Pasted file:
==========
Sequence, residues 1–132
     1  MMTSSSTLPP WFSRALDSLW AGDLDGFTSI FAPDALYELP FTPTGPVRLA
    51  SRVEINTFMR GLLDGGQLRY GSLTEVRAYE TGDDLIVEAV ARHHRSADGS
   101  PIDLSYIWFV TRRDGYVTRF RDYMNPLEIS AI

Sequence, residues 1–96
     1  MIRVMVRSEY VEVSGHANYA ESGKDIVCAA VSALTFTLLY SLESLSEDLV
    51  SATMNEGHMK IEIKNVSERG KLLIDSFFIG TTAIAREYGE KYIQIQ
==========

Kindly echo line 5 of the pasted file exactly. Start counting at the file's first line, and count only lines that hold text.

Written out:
Sequence, residues 1–96